A diagnostic test, called paracentesis, may be done. This involves the insertion of a needle through the skin and into the abdominal cavity. The needle is used to withdraw fluid. Testing the fluid helps to determine the cause of the ascites. For example, an elevated white blood cell count, or WBC, may indicate an infection.


    Prevention & Expectations

    What can be done to prevent the condition?

    Some cases of ascites can be prevented. For example, cirrhosis can be prevented by drinking alcohol only in moderation. Effective treatment of congestive heart failure can prevent ascites from that cause.

    What are the long-term effects of the condition?

    Long-term effects of ascites can include the following:

  • difficulty breathing
  • difficulty walking and performing daily activities
  • gastrointestinal problems
  • heart failure
  • kidney failure
  • malnutrition
  • sleep disorders
  • What are the risks to others?

    Ascites is not contagious and poses no risk to others.


    Treatment & Monitoring

    What are the treatments for the condition?

    Treatment of ascites includes treatment of the underlying disorder. Some of the general treatment guidelines followed for ascites itself are as follows:

  • bed rest to improve kidney function
  • a diet limited to 2 grams of sodium a day
  • fluid restricted to 1 liter a day
  • hospitalization to monitor the daily weight and salt balance
  • Diuretics, also called water pills, may also be used to treat ascites. These medications help the body excrete extra water through the kidneys. Common diuretics include spironolactone, amiloride, and triamterene. If these are not effective, stronger diuretics may be used. These stronger medicines include furosemide, thiazide, and ethacrynic acid.

    Some people with massive ascites may need a paracentesis to remove excess fluid. A needle is inserted into the abdominal cavity, and extra fluid is drained out.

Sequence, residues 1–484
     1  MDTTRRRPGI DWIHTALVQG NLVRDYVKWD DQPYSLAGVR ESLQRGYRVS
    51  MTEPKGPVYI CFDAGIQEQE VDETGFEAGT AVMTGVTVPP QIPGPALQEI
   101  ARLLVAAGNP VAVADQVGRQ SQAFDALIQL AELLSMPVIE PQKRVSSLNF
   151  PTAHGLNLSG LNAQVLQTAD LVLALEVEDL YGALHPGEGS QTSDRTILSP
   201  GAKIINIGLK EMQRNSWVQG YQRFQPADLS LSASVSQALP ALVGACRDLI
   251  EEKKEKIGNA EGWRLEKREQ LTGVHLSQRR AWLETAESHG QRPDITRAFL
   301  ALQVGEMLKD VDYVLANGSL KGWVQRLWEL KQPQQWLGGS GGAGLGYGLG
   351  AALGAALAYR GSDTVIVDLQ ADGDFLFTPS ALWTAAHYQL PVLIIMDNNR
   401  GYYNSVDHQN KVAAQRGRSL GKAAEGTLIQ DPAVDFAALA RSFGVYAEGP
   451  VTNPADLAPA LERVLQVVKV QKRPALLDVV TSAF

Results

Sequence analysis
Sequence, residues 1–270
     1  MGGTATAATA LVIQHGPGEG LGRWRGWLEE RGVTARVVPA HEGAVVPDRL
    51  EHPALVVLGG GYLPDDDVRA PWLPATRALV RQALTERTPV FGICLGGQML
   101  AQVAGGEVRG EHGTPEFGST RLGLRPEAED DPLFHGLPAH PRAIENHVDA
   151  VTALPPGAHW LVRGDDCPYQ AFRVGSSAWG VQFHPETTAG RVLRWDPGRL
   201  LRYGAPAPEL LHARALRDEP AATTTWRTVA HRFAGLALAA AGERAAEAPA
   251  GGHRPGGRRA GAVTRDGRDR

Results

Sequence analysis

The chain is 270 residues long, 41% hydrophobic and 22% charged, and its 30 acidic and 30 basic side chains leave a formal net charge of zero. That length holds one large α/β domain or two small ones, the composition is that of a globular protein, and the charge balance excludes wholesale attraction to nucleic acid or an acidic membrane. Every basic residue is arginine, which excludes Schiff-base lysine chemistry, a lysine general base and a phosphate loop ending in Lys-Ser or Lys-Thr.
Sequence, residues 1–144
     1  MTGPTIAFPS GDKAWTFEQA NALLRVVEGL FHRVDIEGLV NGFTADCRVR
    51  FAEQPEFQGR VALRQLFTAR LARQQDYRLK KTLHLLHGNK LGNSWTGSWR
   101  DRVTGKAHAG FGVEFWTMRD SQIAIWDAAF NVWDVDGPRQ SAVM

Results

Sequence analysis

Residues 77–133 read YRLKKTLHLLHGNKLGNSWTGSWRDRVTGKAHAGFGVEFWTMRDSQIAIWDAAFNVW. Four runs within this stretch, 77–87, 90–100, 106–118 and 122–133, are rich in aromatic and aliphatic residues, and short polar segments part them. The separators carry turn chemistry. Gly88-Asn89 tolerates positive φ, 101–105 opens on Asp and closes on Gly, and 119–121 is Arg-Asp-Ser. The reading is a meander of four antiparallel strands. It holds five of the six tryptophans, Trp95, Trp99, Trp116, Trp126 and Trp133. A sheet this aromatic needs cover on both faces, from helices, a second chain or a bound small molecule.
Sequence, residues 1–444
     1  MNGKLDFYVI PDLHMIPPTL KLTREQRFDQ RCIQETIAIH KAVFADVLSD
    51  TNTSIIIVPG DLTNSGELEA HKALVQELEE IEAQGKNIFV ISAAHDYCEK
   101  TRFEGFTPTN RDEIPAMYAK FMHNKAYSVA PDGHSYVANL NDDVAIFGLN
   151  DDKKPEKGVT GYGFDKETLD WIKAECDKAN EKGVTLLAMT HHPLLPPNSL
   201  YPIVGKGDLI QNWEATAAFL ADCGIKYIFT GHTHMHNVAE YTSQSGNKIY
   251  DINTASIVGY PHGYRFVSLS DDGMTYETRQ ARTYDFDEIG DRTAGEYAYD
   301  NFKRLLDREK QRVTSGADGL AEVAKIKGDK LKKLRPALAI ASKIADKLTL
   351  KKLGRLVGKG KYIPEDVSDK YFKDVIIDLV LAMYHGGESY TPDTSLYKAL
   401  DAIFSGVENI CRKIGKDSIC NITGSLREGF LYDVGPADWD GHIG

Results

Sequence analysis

Most people respond to these measures. About 10% to 15% are resistant and require other methods to control the ascites.

    Other individuals may need a transjugular intrahepatic portosystemic shunt, also called TIPS. This is a mesh tube that is passed through the skin of the neck and into the jugular vein. The tube is then advanced into the liver. It is pushed into the portal vein, which drains into the liver. The shunt reduces pressure and ascites formation.

    In rare and selected cases, a liver transplant may be needed.

    What are the side effects of the treatments?

    Side effects of diuretics can include the following:

  • dehydration
  • high or low potassium levels in the blood
  • kidney failure
  • Removal of large volumes of fluid using parencentesis may cause the following conditions:

  • decreased kidney function
  • low blood pressure, called hypotension
  • shock
  • Following are some of the side effects that shunting procedures can cause:

  • abnormal blood clotting that may result in bleeding
  • change in mental functioning or level of consciousness
  • clotting of the shunt
  • infection
  • What happens after treatment for the condition?

    In most cases, treatment of ascites is lifelong.

    How is the condition monitored?

    Ascites will be monitored with lab tests and regular visits to the healthcare provider. Any new or worsening symptoms should be reported to the provider.


    Attribution

    Author:Susan Woods, MD
    Date Written:
    Editor:Crist, Gayle P., MS, BA
    Edit Date:05/31/01
    Reviewer:Barbara Mallari, RN, BSN, PHN
    Date Reviewed:09/24/01